What began as a weeklong celebration in 1926 is now an entire month dedicated to recognizing Black stories and histories. The following is a list of suggested media you can stream to honor and learn from Black voices.
Joel Garcia, co-president of the UW Film Club, recommended two movies that the club watched to commemorate Black History Month.
The first was “Daughters of the Dust,” a 1991 film written and directed by Julie Dash. The movie, which was the first feature film directed by a Black woman to have a general theatrical release in the United States, follows a family descended from slaves starting their lives in America.
“I thought it was a nice portrayal because it’s not deeply political … it’s not a political struggle that’s grim,” Garcia said. “This is a whimsical film and a celebration of a culture that not a lot of people know about.”
“Black Mother,” directed by Khalik Allah and currently available on Apple TV, was also recommended by Garcia. The documentary portrays the lives of people in Jamaica and documents Allah’s familial connections to the country.
Garcia went on to suggest the French film “La Haine,” the documentary “Time,” the episode “Lovers Rock” from the series “Small Axe,” and the Spike Lee film “Do The Right Thing” as media to watch this month.
Cheryl Lee, the head of marketing for the UW LUX Film Production Club, also offered recommendations in light of Black History Month.
“I really like everything Barry Jenkins does,” Lee said. “[He’s] the director of ‘Moonlight’ and ‘If Beale Street Could Talk.’ Everything he does is incredible to me.”
Lee also delved into critiques of “Moonlight” that were discussed in a recent club meeting, saying that while she enjoyed the movie, it could be seen as perpetuating a single Black narrative.
“I love ‘Moonlight,’ but it could be problematic because the father figure is a drug dealer and there’s a single mother,” Lee said. “Even though it’s representation, is it really representing the nuances of Black life in America?”
In addition to consuming media focused on Black narratives, there needs to be attention on the stories being portrayed and who is responsible for these representations. The new Netflix movie “Malcolm & Marie,” according to Garcia, faced backlash due to its analysis of Black struggles under a white director. “Green Book,” the Best Picture winner at the 2019 Oscars, was also criticized for perpetuating the white savior narrative.
Lee also recommended the documentary “13th” and the Netflix miniseries “When They See Us,” both written and produced by Black filmmaker Ava DuVernay, the film “The Hate U Give” by George Tillman Jr., and “Judas and the Black Messiah” by Shaka King.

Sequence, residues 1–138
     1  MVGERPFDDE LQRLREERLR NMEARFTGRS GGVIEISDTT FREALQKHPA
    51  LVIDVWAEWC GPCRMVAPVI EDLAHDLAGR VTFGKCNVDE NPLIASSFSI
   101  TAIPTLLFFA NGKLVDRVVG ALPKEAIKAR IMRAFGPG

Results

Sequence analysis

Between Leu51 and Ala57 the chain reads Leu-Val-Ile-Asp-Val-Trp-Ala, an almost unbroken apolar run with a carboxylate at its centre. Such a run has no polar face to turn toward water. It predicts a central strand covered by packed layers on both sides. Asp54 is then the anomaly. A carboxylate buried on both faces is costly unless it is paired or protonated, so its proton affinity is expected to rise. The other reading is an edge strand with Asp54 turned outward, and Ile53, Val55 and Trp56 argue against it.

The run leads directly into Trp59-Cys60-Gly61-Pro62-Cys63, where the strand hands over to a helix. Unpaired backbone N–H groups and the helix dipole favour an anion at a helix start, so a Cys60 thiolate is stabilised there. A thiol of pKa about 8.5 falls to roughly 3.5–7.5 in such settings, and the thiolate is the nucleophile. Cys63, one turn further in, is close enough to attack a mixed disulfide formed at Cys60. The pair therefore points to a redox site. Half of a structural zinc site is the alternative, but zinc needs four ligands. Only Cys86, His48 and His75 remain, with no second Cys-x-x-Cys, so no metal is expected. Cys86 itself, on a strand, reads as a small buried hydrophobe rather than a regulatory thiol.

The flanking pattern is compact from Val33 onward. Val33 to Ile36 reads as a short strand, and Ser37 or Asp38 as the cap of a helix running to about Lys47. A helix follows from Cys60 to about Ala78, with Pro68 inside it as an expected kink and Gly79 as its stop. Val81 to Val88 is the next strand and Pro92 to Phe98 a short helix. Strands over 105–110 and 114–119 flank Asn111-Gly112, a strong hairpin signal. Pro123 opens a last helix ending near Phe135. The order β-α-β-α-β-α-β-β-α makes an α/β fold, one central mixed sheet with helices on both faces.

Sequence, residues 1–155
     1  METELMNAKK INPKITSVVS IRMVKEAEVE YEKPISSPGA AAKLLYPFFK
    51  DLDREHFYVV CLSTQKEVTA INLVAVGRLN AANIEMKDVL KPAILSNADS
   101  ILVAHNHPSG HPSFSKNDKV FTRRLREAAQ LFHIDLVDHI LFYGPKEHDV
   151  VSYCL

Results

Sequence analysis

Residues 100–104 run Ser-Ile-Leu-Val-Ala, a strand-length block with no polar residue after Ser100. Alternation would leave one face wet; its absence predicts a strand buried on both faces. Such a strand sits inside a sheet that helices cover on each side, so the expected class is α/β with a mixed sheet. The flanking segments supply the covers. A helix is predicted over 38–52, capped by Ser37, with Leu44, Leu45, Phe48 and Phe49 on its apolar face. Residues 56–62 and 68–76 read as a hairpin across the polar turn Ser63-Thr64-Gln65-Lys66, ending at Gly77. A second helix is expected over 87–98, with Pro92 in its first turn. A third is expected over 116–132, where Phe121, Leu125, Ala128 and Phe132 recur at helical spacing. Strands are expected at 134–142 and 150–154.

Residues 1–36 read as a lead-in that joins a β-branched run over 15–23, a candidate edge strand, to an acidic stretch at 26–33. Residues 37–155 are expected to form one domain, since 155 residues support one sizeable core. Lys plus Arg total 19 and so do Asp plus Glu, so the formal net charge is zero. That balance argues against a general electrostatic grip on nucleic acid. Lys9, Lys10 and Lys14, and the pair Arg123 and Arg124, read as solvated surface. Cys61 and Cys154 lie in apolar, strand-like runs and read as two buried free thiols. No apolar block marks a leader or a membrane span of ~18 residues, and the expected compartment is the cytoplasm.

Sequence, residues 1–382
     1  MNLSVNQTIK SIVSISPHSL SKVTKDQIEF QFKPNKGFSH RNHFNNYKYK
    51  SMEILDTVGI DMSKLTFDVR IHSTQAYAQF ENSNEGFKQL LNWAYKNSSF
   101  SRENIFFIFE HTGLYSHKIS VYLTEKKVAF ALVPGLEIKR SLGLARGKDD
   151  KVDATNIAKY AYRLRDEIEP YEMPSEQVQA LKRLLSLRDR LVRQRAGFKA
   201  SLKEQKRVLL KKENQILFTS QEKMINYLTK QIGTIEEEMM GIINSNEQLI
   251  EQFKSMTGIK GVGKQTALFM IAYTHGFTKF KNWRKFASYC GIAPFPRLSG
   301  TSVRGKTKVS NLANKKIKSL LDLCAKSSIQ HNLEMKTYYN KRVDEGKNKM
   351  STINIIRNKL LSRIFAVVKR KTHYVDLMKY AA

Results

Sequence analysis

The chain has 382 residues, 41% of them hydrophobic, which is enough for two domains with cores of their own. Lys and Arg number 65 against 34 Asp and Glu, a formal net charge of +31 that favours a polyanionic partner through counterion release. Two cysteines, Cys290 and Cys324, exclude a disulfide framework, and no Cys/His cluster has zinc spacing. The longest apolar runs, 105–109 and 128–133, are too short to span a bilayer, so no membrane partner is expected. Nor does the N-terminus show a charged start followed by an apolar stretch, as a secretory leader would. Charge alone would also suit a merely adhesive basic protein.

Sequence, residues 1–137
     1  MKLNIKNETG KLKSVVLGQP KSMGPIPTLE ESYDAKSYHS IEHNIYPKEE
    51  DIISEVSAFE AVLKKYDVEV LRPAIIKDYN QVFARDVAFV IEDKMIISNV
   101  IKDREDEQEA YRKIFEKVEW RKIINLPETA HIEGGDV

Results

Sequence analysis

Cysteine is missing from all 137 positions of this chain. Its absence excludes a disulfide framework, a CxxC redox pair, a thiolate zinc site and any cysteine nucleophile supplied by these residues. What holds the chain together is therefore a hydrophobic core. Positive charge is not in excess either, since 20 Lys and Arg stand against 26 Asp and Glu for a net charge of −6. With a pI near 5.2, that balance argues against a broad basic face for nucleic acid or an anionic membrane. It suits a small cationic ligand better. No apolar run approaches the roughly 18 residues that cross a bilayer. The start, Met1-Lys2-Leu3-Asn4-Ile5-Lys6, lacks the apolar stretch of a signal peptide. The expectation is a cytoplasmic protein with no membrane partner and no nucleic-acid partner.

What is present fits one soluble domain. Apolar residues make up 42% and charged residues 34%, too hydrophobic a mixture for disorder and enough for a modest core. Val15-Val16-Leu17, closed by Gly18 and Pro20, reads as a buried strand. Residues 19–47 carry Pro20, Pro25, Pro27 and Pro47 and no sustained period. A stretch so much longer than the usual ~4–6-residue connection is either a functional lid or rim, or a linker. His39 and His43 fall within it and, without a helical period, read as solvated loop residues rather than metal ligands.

I also want to include some of my personal favorite movies, TV shows, and artists I believe are worth streaming.
“Ma Rainey’s Black Bottom,” directed by George C. Wolfe,is a movie you’ve probably seen on the Netflix home page. The film portrays the historic accomplishments of “Mother of the Blues” Ma Rainey as she and her supporting band record a vinyl record during the 1920s.
If you’re looking for new music, I highly recommend Weaves. Fronted by Jasmyn Burke, the band falls somewhere in the range of alt-rock and indie. Their 2017 single “Scream,” featuring Inuk throat singer Tanya Tagaq, is a great introduction to their music.
Queer Black histories are featured in the FX show “Pose,” created by Steven Canals, Brad Falchuk, and Ryan Murphy. The show explores the lives of queer Black men and trans women during the 1980s New York drag scene. The show is currently on Netflix, and with the third season currently in production, now is a great time to catch up. Jennie Livingston’s documentary “Paris is Burning,” following the same subject, was also recommended by the film club.
Additionally, the 1996 film “The Watermelon Woman” is the first feature film directed by a Black lesbian. While it may seem like a documentary, the movie is entirely fictional, and follows director Cheryl Dunye as she hunts down information on an uncredited Black actress from the 1930s. The movie creates histories in place of those that have been forgotten.
“Blindspotting,” directed by Carlos López Estrada, is a film I recommend watching as well. Following the events of a police shooting, the movie brilliantly walks the line between comedy and drama, arguably one of the most relevant films I’ve seen in a long time.
Hopefully this list has put some new movies, TV shows, and artists on your streaming list. While Black History Month is only 28 days long, we can and should be celebrating Black stories year-round.
Reach contributing writer Natalie Roy at firstname.lastname@example.org. Twitter: @nataliedroy
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